Trump says he changed his mind about taking the Fifth, which he once said was for 'the mob'

"If you're innocent, why are you taking the Fifth Amendment?" he said in 2016.

August 10, 2022, 5:18 PM

Former President Donald Trump indicated that he pleaded the Fifth Amendment on Wednesday as he was deposed in a New York state civil investigation into his business dealings -- which marks a reversal for a real estate baron who had cast aspersions on others who protected themselves from the possibility of self-incrimination.

Trump sat for a deposition in New York Attorney General Letitia James' probe into whether he misstated the value of his assets to his own benefit, an investigation he has labeled a partisan "witch hunt." (James is a Democrat.)

Trump's appearance in New York marked the third straight day that he has faced legal challenges. His Mar-a-Lago residence was searched by the FBI in Florida on Monday in relation, sources told ABC News, to documents that he took with him when he departed Washington, including some records the National Archives has said were marked classified.

Separately, a federal appeals court on Tuesday ruled that his tax returns could be obtained by a House panel that has sought them for years.

In a rare move, Trump acknowledged in a statement Wednesday that he had changed his mind about invoking the Fifth.

But he argued that he was forced to after facing what he continued to describe as partisan probes, particularly the Mar-a-Lago search.

"I once asked, 'If you're innocent, why are you taking the Fifth Amendment?' Now I know the answer to that question. When your family, your company, and all the people in your orbit have become the targets of an unfounded, politically motivated Witch Hunt supported by lawyers, prosecutors, and the Fake News Media, you have no choice," he said in his statement.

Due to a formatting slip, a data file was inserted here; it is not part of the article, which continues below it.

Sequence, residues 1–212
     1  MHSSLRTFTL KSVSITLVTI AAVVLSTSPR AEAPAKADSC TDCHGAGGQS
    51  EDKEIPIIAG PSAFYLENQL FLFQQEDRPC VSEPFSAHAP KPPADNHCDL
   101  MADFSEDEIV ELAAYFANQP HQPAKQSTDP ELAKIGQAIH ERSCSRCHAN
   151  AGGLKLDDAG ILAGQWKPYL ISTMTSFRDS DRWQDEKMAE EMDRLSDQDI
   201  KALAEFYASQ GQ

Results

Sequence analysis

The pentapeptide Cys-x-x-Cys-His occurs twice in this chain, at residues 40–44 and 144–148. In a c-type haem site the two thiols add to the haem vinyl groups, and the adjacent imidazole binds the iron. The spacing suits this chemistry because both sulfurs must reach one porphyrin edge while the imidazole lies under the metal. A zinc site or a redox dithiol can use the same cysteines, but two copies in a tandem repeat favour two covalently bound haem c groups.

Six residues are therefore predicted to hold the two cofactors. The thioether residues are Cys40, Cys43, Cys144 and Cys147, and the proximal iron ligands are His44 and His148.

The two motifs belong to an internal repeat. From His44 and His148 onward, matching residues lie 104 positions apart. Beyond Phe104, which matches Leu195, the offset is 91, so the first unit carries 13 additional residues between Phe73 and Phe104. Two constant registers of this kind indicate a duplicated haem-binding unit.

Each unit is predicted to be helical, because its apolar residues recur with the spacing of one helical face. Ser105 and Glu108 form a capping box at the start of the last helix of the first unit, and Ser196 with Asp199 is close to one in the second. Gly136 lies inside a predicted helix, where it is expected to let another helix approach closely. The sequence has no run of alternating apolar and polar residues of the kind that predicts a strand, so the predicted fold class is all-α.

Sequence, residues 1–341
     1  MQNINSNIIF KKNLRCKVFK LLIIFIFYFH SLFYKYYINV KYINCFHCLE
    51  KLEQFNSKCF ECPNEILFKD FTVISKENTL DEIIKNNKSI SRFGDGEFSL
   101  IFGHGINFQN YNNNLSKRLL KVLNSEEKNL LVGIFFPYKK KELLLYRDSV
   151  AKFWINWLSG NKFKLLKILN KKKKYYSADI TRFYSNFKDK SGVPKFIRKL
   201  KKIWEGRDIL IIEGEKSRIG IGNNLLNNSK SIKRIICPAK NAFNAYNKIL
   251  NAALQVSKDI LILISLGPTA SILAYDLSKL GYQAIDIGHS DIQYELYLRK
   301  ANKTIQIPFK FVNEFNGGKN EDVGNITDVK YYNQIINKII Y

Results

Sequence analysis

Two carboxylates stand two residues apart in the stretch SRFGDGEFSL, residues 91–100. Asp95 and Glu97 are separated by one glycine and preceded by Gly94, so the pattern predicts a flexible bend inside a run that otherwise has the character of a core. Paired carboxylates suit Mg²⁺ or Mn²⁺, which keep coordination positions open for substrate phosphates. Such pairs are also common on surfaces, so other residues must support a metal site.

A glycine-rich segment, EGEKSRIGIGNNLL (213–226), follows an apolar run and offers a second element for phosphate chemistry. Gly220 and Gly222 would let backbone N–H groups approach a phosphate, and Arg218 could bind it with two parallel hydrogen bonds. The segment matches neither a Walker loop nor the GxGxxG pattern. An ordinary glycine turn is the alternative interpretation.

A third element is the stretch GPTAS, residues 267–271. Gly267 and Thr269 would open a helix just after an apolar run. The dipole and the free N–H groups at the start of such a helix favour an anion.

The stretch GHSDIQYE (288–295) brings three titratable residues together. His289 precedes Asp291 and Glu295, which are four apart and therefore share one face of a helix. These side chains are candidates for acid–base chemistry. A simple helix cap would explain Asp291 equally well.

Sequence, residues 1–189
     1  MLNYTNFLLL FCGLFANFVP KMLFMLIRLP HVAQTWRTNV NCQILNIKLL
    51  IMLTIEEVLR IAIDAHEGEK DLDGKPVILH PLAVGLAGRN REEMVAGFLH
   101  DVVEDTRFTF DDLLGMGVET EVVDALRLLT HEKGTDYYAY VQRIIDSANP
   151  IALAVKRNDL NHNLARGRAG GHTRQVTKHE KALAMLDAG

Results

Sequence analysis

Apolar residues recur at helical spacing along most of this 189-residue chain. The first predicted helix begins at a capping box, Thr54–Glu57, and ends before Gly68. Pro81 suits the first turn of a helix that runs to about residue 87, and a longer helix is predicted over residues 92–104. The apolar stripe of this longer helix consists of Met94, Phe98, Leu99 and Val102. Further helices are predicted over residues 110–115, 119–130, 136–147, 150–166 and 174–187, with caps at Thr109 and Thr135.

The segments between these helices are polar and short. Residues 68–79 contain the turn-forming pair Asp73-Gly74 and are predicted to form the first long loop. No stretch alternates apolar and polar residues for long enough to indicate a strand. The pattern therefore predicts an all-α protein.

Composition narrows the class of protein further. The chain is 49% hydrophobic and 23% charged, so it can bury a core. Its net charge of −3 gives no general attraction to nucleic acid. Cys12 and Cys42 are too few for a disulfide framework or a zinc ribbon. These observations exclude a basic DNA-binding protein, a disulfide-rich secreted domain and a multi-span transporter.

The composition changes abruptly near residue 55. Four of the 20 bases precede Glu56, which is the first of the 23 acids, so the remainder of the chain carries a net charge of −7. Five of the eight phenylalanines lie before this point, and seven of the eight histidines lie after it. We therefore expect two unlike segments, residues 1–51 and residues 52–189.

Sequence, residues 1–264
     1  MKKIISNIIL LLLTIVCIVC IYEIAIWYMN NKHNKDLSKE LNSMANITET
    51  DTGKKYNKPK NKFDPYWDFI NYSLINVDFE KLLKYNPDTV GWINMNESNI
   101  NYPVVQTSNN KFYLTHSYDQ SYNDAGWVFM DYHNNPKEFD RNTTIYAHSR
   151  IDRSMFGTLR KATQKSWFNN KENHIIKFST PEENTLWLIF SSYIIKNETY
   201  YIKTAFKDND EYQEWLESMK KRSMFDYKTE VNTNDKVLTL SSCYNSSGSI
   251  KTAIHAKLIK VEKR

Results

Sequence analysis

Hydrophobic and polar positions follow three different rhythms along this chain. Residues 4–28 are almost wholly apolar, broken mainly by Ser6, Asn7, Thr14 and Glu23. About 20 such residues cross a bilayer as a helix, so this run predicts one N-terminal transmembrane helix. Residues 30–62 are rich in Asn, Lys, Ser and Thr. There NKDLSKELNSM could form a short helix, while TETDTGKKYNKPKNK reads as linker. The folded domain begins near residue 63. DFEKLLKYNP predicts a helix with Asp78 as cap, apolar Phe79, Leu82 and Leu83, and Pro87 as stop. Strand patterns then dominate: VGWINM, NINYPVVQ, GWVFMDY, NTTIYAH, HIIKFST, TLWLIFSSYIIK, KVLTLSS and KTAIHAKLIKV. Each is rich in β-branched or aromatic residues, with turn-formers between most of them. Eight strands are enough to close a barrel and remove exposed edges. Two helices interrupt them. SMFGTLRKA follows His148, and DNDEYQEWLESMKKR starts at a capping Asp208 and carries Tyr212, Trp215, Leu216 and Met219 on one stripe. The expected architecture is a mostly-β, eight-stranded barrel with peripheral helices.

Former President Donald Trump waves while walking to a vehicle in New York, on Aug. 10, 2022.
Stringer/AFP via Getty Images

"If there was any question in my mind, the raid of my home, Mar-a-Lago, on Monday by the FBI, just two days prior to this deposition, wiped out any uncertainty," he added, going on to say that in the New York deposition, "under the advice of my counsel and for all of the above reasons, I declined to answer the questions under the rights and privileges afforded to every citizen under the United States Constitution."

As Trump suggested in his statement, he previously painted those who cited the Fifth as guilty of some crime.

When Trump ran for president in 2016, he questioned why aides to Democratic opponent Hillary Clinton were taking the Fifth in connection with an investigation into the deadly raid on a U.S. consulate in Benghazi, Libya.

"So, there are five people taking the Fifth Amendment. Like you see on the mob, right? You see the mob takes the Fifth. If you're innocent, why are you taking the Fifth Amendment?" he asked at the time.

Decades ago, during his divorce from Ivana Trump, he also invoked the Fifth, according to one biography.

The amendment, among other provisions, protects people from being made to testify against themselves.

In civil cases, but not in criminal cases, a person who invokes the Fifth may have negative conclusions drawn about that choice -- just as Trump had previously said.